VB6 controls fire the Validate event first and then the Lost Focus event; if the Validate sets Cancel=True, then the Lost Focus event is never fired.
The sequence is the same regardless of how the end user moves the input focus away from the control. NET controls fire these events in the same sequence only if end users move the input focus by means of the keyword; if they use the mouse, the control fires a Lost Focus event, then the Validating event, and – if the validation fails – another Got Focus event to let the application know that the focus is again on the control. NET programs created by VB Migration Partner follow the . In most cases, the fact that the Lost Focus event fires before the Validate event doesn’t affect the application negatively.
The form, which is the root of all validation activities and configuration, has a property Auto Validate, which is set to Enable Prevent Focus Change (implicit validation occurs when the control loses focus).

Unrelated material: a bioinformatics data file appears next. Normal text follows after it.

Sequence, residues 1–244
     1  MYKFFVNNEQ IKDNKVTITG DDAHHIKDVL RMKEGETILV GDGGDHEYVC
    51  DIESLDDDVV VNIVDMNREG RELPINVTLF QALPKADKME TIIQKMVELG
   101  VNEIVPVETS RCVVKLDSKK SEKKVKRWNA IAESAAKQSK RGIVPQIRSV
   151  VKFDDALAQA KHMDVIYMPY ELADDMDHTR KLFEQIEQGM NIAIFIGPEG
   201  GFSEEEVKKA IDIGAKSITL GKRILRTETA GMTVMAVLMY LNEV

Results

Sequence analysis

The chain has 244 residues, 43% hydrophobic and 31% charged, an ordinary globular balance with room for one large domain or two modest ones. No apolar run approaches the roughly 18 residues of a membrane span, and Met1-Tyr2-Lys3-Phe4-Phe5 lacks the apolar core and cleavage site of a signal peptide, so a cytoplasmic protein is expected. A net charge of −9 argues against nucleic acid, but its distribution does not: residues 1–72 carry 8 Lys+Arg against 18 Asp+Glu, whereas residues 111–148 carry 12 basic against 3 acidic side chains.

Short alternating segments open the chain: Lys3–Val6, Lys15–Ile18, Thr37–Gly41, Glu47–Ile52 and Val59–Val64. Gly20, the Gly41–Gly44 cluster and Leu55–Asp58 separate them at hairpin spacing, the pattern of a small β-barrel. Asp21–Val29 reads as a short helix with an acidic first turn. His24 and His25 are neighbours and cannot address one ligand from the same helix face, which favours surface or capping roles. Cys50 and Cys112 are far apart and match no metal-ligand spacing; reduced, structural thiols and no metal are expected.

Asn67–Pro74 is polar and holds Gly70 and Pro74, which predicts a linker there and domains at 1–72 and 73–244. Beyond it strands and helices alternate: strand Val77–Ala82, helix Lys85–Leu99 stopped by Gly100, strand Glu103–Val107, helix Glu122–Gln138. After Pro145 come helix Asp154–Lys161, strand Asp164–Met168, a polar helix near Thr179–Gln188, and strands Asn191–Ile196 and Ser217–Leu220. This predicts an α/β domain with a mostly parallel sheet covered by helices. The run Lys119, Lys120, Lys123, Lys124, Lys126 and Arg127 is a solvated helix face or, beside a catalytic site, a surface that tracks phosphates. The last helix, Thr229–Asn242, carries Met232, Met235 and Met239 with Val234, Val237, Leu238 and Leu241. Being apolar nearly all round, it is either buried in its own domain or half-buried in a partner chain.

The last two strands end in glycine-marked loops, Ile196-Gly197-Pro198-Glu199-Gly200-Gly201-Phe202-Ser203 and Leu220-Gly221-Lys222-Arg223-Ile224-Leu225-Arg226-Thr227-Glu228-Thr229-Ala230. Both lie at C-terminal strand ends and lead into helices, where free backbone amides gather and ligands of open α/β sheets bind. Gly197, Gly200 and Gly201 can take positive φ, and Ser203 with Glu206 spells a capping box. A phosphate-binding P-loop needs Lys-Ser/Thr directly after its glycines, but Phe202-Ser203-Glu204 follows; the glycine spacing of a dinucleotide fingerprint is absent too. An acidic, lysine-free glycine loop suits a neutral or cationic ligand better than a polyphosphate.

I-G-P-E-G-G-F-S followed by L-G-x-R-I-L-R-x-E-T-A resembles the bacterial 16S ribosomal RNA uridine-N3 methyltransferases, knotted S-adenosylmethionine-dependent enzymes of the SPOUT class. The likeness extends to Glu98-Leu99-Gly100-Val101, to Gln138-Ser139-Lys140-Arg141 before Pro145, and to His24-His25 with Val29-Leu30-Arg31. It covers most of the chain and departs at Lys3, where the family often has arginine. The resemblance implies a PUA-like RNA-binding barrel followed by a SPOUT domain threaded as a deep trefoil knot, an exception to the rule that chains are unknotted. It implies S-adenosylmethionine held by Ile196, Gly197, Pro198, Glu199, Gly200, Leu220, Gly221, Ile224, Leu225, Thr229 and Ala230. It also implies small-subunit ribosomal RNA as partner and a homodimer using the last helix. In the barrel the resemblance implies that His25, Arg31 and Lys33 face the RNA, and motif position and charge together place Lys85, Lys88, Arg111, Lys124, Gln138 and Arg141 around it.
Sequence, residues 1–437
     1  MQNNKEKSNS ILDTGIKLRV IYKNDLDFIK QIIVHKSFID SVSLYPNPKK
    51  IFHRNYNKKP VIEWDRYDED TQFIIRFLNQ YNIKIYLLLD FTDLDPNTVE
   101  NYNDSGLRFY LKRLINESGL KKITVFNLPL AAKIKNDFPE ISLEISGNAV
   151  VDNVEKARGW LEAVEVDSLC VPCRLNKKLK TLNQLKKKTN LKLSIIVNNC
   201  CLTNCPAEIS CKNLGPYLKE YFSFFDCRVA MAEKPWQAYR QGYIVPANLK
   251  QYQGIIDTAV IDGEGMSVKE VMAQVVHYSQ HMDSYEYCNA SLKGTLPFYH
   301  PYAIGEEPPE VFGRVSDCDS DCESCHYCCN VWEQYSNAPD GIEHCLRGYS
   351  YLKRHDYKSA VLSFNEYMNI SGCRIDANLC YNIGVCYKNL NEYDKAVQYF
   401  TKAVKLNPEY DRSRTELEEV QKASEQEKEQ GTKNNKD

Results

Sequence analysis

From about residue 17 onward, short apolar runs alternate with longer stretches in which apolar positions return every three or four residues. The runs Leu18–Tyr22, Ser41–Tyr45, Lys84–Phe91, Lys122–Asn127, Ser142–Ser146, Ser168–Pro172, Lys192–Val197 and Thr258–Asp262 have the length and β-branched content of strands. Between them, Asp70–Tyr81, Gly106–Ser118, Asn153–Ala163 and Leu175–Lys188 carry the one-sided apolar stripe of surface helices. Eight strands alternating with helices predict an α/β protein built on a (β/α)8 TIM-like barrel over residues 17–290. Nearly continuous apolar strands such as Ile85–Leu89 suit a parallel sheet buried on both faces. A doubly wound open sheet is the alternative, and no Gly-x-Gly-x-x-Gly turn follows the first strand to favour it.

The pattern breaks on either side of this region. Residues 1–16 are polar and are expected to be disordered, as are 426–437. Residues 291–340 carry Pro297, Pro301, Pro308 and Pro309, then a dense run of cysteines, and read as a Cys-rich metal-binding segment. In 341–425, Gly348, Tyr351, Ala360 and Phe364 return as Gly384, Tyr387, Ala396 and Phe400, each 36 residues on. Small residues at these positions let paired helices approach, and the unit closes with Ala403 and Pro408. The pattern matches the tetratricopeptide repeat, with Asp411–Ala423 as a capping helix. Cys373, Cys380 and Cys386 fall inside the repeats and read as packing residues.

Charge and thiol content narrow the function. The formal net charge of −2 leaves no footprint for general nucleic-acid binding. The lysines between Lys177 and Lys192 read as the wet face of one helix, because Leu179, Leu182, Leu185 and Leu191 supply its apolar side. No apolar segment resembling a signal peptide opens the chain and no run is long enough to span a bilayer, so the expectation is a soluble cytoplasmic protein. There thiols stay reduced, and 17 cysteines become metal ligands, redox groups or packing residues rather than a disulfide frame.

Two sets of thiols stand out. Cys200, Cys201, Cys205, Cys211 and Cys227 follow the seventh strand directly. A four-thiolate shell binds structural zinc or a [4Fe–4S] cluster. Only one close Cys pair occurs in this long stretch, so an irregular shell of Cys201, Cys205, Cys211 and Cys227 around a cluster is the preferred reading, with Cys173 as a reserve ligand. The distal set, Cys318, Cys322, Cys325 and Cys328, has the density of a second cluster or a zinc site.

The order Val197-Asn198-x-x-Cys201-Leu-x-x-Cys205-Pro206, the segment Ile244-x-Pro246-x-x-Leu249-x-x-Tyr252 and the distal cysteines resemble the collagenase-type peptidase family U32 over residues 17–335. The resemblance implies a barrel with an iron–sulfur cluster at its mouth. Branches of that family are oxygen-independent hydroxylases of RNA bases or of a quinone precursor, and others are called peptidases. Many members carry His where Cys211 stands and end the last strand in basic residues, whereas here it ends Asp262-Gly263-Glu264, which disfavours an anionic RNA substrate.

However, as I also said in the last lesson, in many cases it is virtually impossible to account for all possible erroneous data.
Possibly a close exception to this rule would be when we use a List Box or Combo Box and allow the user to choose their entry from the control.
Back Color = vb White End Sub Private Sub Text1_Validate(Cancel as Boolean) Cancel = (Text1. In some applications, however, the code in the Text1_Lost Focus method might depend on some variable that has been set in the Validate event.
Text = "") End Sub Now consider the corresponding VB. If the end user clicks on a different control and Text1 contains an empty string, the Lost Focus event resets the background color to white, then the Validate event cancels the focus shift, and finally the Got Focus event changes the background color to yellow again. If this is the case, the converted code might fail or behave unexpectedly.